just out of curiosity, I would like to know how ETFs that consist stocks from various stock exchanges are priced. For example, if there exists an ETF that contain Apple (U.S.), Tencent (HK), and Rolls-Royce Holdings Plc (UK), how is the ETF being priced if listed in NYSE? NAV might not reflect true value of the ETF since the asset changes price in different time + also due to FX rates. May I know how the ETF can be priced in this case?

Real life example that is the closest to my question would be asking about the pricing method of VT (Vanguard Total World Stock Index Fund ETF). Thanks in advance.

1 Answer 1


An ETF is always worth at the aggregate level of its holdings, even if that means using intra-period prices from multiple markets in multiple currencies.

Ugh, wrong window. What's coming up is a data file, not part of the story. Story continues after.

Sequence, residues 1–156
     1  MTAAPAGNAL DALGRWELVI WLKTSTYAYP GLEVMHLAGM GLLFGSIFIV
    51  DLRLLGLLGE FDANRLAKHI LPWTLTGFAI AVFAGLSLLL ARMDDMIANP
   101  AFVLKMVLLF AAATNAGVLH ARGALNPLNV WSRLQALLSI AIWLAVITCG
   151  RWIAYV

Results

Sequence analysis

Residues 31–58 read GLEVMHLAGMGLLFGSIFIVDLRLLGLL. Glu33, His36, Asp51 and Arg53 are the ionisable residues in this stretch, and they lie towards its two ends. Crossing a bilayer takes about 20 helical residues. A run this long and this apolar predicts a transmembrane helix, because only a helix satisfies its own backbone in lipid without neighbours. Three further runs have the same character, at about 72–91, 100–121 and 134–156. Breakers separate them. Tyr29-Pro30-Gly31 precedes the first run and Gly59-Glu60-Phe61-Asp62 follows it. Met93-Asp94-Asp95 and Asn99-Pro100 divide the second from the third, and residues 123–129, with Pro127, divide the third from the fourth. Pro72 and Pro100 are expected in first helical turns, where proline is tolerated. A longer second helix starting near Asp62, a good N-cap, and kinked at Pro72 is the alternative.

The "price" of an ETF is not "assigned" by its issuer but by the investors that are buying and selling it. So if savvy investors see that a specific FX rate is increasing during the day (I'm talking about very large changes, not normal changes that are probably immaterial), they may buy up ETFs that are more heavily weighted toward that currency, raising its price. So - in theory at least - the market should keep the ETF in line with the value of its assets, with arbatrageurs helping to keep that relationship intact.

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